Never underestimate the power of paint
When it comes to cars, what’s on the outside can be vitally important.According to Ford, up to 40 per cent of us will walk out of a dealershipif we can’t buy a car in the colour we want.
When it comes to cars, what’s on the outside can be vitally important. According to Ford, up to 40 per cent of us will walk out of a dealership if we can’t buy a car in the colour we want.
The automaker is always on the lookout for new shades, checking fashion, technology and even colours from other cultures that buyers may have seen on the Internet, according to Susan Swek, Ford’s chief designer of colour and materials design.
“There are people who want grey, silver, black or white time and time again,” Swek says. “But we do offer some colours that we call ‘trend’ colours. The hot magenta on the Fiesta is a one-year trend colour, where it’s polarizing. A lot of people won’t like it, and a lot will buy it.”
Only about 3 per cent of buyers will choose these short-lived trend paints, but if a colour does better than expected, the company will carry it over for another year.
Auto manufacturers face some of the longest lead-in times of any consumer products; Swek and her team recently finalized the colours for 2014 vehicles and are working on the 2015 models. In addition to research for its aesthetic appeal, each colour is also weather-tested for a year to be sure it won’t fade or peel in the sun.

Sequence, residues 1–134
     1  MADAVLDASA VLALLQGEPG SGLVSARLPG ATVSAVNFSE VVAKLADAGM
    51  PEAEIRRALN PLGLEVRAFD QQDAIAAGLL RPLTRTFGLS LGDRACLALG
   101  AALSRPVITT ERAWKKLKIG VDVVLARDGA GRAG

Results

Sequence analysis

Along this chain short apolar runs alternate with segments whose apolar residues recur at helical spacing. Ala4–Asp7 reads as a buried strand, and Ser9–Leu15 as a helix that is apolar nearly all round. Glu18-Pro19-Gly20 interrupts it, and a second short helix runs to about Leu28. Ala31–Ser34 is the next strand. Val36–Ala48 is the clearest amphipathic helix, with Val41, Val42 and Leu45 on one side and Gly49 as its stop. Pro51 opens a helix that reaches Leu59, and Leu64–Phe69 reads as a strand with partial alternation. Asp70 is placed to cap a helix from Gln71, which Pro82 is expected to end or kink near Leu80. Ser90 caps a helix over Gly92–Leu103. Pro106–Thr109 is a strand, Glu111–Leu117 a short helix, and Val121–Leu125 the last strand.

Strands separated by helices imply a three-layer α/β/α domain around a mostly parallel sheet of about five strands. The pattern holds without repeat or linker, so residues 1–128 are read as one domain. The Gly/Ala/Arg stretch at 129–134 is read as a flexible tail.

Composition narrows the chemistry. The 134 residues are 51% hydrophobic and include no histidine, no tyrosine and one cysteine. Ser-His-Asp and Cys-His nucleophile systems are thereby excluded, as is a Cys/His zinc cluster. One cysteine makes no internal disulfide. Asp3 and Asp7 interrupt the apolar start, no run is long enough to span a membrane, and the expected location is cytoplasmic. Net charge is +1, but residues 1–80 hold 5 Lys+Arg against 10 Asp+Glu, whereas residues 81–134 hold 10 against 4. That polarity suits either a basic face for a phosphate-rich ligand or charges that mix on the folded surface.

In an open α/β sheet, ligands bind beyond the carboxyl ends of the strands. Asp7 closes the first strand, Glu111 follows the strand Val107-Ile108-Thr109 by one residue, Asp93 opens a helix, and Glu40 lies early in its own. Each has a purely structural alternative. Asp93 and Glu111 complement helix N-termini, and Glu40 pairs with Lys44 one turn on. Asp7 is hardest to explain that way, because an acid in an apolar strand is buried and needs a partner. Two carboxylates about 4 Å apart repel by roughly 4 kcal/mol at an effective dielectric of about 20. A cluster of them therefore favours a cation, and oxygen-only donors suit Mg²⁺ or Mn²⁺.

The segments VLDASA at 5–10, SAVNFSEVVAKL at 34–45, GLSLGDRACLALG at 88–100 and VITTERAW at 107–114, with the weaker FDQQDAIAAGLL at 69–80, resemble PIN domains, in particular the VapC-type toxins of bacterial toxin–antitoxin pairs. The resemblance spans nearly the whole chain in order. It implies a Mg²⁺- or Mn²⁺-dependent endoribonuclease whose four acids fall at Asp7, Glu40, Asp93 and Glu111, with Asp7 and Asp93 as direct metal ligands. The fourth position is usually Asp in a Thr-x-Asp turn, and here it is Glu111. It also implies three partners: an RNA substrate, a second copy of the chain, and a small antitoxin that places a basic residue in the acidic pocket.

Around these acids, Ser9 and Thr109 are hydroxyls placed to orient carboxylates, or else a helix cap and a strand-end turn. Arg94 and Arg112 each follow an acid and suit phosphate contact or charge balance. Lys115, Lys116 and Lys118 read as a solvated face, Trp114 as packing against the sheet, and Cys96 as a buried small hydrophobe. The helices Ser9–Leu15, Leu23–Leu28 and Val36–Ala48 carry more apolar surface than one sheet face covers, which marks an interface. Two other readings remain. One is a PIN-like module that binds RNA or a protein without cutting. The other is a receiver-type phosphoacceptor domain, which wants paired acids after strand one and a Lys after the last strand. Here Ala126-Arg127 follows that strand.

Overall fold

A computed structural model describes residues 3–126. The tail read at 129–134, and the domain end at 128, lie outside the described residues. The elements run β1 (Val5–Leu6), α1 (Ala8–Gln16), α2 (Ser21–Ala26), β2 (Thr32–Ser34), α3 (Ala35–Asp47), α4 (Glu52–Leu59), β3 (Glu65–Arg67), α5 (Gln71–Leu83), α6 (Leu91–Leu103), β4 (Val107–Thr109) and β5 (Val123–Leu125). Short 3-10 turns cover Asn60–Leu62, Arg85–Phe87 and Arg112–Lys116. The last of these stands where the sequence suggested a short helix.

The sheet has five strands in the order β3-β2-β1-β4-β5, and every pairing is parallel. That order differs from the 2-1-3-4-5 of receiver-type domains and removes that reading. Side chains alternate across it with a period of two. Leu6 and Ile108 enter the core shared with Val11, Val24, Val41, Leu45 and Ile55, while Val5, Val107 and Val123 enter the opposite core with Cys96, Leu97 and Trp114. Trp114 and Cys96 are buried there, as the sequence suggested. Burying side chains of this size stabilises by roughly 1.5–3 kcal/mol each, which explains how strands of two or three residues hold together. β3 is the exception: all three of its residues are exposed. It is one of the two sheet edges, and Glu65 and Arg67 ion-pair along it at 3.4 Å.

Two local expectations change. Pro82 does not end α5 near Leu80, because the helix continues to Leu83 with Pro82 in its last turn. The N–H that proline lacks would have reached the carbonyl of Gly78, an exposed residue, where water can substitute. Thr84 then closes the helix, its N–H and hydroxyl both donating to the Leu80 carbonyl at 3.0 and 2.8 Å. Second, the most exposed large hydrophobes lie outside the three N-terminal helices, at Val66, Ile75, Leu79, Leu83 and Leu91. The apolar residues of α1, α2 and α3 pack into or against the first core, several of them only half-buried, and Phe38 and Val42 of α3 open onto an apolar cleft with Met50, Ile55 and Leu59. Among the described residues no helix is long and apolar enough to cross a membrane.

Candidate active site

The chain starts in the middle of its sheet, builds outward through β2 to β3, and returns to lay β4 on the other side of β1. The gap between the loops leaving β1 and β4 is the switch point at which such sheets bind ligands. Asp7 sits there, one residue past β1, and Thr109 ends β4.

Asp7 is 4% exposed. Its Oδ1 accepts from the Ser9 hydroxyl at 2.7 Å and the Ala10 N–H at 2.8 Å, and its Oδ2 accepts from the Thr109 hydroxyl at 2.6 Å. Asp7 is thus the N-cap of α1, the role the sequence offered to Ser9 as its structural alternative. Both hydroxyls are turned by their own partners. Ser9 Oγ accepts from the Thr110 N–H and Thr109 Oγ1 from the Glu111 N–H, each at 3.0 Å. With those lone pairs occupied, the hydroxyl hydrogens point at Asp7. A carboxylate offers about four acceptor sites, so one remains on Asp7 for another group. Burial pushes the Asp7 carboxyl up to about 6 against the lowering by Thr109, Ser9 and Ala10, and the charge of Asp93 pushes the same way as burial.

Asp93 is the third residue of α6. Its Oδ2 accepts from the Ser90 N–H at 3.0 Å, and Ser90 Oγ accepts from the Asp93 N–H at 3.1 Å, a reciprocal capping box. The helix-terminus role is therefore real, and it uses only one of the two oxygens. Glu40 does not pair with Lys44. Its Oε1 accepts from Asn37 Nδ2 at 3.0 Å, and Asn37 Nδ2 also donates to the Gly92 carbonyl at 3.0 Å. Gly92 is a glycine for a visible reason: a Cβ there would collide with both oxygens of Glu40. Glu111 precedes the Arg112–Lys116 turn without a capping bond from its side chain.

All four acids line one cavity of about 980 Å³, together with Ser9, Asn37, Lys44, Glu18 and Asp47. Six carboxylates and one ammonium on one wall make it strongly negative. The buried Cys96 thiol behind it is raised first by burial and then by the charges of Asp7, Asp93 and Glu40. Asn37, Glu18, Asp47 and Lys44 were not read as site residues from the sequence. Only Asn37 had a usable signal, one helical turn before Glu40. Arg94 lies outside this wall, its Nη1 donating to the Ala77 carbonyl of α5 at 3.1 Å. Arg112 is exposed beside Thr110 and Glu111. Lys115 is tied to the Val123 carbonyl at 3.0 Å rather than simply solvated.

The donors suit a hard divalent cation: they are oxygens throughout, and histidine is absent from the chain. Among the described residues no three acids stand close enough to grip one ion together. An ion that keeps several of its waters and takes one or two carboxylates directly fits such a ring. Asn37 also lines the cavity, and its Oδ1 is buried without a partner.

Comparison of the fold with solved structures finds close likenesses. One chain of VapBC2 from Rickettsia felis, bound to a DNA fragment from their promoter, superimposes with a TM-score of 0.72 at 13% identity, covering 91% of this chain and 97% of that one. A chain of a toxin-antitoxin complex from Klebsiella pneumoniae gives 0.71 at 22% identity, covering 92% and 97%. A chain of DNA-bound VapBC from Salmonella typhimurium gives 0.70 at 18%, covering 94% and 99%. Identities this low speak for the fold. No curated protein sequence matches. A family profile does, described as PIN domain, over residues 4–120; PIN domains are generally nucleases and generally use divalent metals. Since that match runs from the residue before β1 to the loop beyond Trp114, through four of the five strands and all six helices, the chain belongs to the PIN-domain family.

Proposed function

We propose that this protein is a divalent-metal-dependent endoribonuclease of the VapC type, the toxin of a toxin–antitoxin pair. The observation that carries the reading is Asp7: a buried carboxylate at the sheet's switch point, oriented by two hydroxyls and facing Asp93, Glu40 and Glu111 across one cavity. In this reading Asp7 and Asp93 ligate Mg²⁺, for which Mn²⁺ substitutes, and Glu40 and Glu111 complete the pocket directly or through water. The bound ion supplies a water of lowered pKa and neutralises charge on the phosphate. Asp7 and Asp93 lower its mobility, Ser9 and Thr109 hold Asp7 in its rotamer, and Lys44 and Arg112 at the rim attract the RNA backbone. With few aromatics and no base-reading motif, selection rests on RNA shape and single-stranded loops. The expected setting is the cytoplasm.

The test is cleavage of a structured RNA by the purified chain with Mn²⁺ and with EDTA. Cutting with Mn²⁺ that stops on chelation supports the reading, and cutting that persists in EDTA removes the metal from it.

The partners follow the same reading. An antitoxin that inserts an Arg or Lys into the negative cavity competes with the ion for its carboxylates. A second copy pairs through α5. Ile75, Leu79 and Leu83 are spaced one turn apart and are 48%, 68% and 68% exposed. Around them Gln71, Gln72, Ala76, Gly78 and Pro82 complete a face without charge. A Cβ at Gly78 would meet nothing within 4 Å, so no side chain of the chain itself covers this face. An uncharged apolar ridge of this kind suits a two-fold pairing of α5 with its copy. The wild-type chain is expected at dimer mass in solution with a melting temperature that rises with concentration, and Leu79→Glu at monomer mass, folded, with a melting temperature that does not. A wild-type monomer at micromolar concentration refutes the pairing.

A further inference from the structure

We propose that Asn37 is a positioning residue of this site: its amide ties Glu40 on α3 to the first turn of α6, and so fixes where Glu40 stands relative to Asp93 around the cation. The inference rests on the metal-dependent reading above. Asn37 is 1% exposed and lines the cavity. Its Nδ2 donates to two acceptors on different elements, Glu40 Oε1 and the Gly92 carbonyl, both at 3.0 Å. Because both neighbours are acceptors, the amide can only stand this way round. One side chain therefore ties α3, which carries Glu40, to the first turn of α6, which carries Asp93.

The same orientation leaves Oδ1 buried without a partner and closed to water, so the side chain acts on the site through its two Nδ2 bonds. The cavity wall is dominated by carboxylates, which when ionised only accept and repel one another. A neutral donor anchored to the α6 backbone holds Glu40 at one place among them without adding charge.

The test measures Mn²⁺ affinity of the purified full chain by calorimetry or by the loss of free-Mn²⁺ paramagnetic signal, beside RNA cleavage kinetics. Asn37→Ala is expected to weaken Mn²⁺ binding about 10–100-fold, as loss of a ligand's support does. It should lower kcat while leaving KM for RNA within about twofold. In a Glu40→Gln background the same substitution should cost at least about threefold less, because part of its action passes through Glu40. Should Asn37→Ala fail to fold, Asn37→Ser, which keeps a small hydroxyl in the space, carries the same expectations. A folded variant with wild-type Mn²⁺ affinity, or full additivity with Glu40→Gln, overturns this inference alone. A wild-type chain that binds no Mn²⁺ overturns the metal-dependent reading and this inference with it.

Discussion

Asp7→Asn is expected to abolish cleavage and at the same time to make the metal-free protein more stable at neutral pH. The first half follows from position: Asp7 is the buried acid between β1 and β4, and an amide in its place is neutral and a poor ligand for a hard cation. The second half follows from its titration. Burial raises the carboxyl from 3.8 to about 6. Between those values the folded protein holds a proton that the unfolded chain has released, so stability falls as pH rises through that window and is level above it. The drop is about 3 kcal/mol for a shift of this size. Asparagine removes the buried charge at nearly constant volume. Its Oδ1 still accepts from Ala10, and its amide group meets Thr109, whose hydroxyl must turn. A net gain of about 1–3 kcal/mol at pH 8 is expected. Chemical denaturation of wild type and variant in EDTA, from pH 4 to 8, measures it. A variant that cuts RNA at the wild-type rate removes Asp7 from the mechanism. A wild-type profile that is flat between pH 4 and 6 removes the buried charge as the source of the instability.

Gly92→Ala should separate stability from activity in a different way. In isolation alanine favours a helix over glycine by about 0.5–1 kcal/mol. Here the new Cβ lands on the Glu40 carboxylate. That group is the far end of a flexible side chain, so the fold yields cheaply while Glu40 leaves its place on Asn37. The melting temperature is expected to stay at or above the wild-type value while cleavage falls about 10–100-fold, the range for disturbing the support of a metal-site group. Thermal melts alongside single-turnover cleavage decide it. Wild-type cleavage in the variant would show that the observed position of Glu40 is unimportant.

Silver/grey is the most popular shade around the globe, and in Canada, 22.3 per cent of buyers choose it. Black, the next in line, accounts for only 14.1 per cent.
“Silver has actually been a huge seller for a long time,” Swek says. “It’s probably because silver looks good on almost any type of body style you put it on, anything from a small car to a truck, a large car or a crossover.”
Picking the colours to offer on each model is a combination of market research and “eyeballing,” Swek says.
“Design is kind of an intuitive thing. You look at the product and you know it’s right or it’s not right.”
The bright green Lime Squeeze that looks so appropriate on a small Fiesta wouldn’t be applied to a big truck because it wouldn’t look right, Swek says.
Higher-end cars tend to wear subdued colours and their paint is usually more expensive and richer-looking.
“We’re starting to see people open to a little more colour on some luxury products,” Swek says.
“But there are always colours that will never be luxury. We don’t envision bright pink on a Lincoln.”
Atlantic Canadians buy more gold and red cars, while Albertans and Quebecers buy more blue. Those in Ontario are most likely to buy black and least likely to buy blue. Green cars are most popular in B.C., Manitoba and Saskatchewan.